What is Combustible Dust?
According to OSHA's Safety and Health Topics Combustible Dust website, combustible material (and some materials normally considered noncombustible) can burn rapidly when in a finely divided form. If such a dust is suspended in air in the right concentration, it can become explosive. Such incidents have killed scores of employees and injured hundreds over the past few decades.
How Does Dust Explode?
Three basic elements are needed for a fire:
- 1. Combustible dust (fuel)
- 2. Ignition source (heat)
- 3. Oxygen (oxidizer)
Two additional elements are needed for a combustible dust explosion:
- 4. Dispersion of dust particles in sufficient quantity and concentration
- 5. Confinement of the dust cloud
An initial (primary) explosion in processing equipment or in an area were dust has accumulated may shake loose more accumulated dust, or damage a dust containment system and may cause one or more secondary explosions that can be far more destructive than the initial explosion.
What Products/Materials Can Cause a “Combustible Dust” Explosion?
OSHA identifies more than 130 products or materials that pose a threat for combustible dust explosions. Included are many agricultural products and dusts, carbonaceous dusts, chemical dusts, metal dusts, and plastic dusts. OSHA has published a downloadable poster entitled, Combustible Dust: Does your company or firm process any of these products or materials in powdered form?
What Industries are Most at Risk?
Any business that processes or produces materials in finely powdered form have work environments that may present a serious hazard.
In March 2008, 30,000 workplaces received a letter from OSHA and a bulletin titled Combustible Dust in Industry: Preventing and Mitigating the Effects of Fire and Explosions. In this letter employers were urged to review the information and were reminded of their responsibilities to prevent combustible dust hazards to help prevent future tragedies.
In March of 2008, an OSHA-wide directive was issued with instruction, policies and procedures for inspecting workplaces that create or handle combustible dusts. OSHA reissued Combustible Dust National Emphasis Program (CPL 03-00-008) “to increase its enforcement activities and to focus on specific industry groups that have experienced either frequent combustible dust incidents or combustible dust incidents with catastrophic consequences.” Appendix D-1 of this directive entitled, Industries with More Frequent and/or High Consequence Combustible Dust Explosions/Fires, lists 16 industry groups and directs each Area Office to conduct at least three National Emphasis Program (NEP) inspections from the list in each Fiscal Year. Appendix D-2 of the directive lists another 48 industries that may have Potential for Combustible Dust Explosions/Fires, and directs each Area Office to conduct at least one NEP inspection from the list in each Fiscal Year.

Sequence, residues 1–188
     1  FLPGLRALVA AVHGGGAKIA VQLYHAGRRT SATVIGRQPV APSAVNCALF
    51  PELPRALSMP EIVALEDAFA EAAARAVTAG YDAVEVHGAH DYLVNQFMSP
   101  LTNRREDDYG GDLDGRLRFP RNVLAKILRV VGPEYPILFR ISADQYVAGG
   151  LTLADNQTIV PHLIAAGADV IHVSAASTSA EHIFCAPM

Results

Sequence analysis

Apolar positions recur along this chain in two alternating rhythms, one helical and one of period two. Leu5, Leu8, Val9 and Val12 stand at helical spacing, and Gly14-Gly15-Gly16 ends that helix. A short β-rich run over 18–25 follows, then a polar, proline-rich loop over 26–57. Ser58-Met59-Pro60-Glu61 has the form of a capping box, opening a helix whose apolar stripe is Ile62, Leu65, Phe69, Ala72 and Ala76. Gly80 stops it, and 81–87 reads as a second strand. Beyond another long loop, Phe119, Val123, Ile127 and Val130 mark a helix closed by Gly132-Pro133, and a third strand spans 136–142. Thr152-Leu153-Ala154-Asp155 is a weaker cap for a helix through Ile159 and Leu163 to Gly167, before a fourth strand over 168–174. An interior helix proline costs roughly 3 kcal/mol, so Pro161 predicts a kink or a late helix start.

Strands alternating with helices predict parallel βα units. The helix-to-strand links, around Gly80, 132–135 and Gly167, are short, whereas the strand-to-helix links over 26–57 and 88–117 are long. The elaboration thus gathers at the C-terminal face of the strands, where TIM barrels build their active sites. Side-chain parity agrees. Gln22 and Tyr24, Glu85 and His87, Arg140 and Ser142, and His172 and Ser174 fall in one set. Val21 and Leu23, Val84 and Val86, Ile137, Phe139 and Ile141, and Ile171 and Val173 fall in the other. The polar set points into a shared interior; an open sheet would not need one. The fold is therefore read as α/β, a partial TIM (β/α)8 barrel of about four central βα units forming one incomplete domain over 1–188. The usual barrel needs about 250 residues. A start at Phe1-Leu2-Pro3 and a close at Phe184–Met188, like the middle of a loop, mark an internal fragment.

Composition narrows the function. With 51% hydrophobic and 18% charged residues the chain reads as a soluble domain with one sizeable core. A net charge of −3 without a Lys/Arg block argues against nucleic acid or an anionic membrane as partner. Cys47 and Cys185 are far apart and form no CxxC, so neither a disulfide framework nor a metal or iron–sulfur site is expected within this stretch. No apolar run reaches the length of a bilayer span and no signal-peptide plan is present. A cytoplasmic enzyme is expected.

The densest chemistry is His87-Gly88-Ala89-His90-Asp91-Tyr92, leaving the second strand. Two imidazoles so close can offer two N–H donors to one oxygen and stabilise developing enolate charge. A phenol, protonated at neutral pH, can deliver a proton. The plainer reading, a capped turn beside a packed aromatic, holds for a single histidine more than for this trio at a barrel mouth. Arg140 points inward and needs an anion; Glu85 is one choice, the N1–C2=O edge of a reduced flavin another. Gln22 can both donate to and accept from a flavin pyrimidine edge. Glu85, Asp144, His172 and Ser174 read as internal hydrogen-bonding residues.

What OSHA Directives Relate to Combustible Dust and Flame Resistant clothing?
Section 5(a)(1) of the OSH Act, often referred to as the General Duty Clause, requires employers to “furnish to each of his employees employment and a place of employment which are free from recognized hazards that are causing or are likely to cause death or serious physical harm to his employees.” Section 5(a)(2) requires employers to “comply with occupational safety and health standards promulgated under this Act.”
According to the Combustible Dust National Emphasis Program (CPL 03-00-008), under the section Citations (g) 1910.132(a), the general requirement to provide and assure the use of protective equipment, including protective clothing may be issued, “If an employee exposure to potential burn injuries can be documented. For example, if employees are not wearing protective clothing, such as Flame Resistant clothing, in areas of the plant (e.g., bagging areas) where employees may be exposed to potential combustible dust flash fire hazards, then citations under 1910.132(a) may be issued. Another example where citations under 1910.132(a) may be issued, would be a situation where employees (not wearing Flame Resistant clothing) cleaning out a piece of equipment containing combustible dust may be exposed to a flash fire propagated through the cleanout door. A citation may be issued whether or not an accident precipitated the inspection.”
This 2008 directive also states that NFPA standards “should be consulted to obtain evidence of hazard recognition and feasible abatement methods,” endorsing NFPA standards as part of its compliance strategy and enforcement tools for managing combustible dust hazards. NFPA 652, the Standard on the Fundamentals of Combustible Dust, provides the general requirements for managing combustible dust fire and explosion hazards and states that when FR clothing is required, it must comply with the requirements of NFPA 2112 and be selected, procured, inspected, worn, and maintained in accordance with NFPA 2113.
What are Legislators Doing?
Following a highly publicized combustible dust explosion at a sugar refinery in 2008, legislators drafted H.R. 5522 (110th), the Worker Protection Against Combustible Dust Explosions and Fires Act of 2008, which passed in the House but not the Senate. Legislation was reintroduced on February 4, 2009 (H.R. 849, 111th), February 11, 2011 (H.R. 522, 112th), and February 14, 2013 (H.R. 691, 113th). The Worker Protection Against Combustible Dust Explosions and Fires Act would require the Secretary of Labor to issue an interim occupational safety and health standard regarding worker exposure to combustible dust, and for other purposes.